The Tenth of December, the Limits of Irony (and the Best Kind of Irony)

image via Goodreads

Saunders is very much a known entity, but that’s certainly no strike against the man. He’s got a style that (among many other things) seems to both mock and pay homage to a certain kind of blind American earnestness, and the stories in Tenth of December really run with that. I will admit, this is the first Saunders collection I have read in its entirety, although I have read something close to a dozen of his stories in journals and anthologies.

I was struck by how much the final (and titular) story differs from the rest of his work. Importantly, I also found it to be by far the strongest and most affecting story in the collection. The story is clearly Saunders through and through, but there’s another kind of closeness, an empathy that his more satirical stories are forced to distance themselves from to some extend if they are to function well as satirical works (which they do).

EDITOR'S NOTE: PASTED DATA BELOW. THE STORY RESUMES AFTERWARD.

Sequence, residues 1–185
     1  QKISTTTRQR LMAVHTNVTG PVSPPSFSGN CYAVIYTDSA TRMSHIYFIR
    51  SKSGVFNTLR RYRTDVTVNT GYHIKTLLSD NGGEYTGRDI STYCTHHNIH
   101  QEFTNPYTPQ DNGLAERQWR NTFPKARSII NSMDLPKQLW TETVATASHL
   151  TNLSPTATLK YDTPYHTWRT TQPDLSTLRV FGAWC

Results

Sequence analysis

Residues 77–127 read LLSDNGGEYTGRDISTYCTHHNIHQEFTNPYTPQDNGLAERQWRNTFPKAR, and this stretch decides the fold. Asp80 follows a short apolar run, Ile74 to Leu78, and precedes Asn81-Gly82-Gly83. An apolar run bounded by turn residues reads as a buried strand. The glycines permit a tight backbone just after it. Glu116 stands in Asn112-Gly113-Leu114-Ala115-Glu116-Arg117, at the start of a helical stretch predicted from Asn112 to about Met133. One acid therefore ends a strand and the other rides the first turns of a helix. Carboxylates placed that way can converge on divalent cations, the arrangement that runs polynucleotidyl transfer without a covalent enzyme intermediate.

It’s tempting to say that irony blunts genuine human emotion, but that’s too easy and too simple an explanation for what’s going on. Irony forces us to empathize with a different part of our brain, different synapses firing to bring us into a similar state of empathy. The best irony (like Saunders and Vonnegut, say) forces us to confront the things we don’t want to think about in the most unpleasant way possible -by laughing at them. Any kind of decent or sensitive person, upon laughing at human misery, is forced into a mode of reflexive empathy, following up their reactionary laughter with conscious humanity, reaching out to something that they cannot help but recognize themselves in. Maybe it’s actually the jaded and cynical who can’t really get irony.


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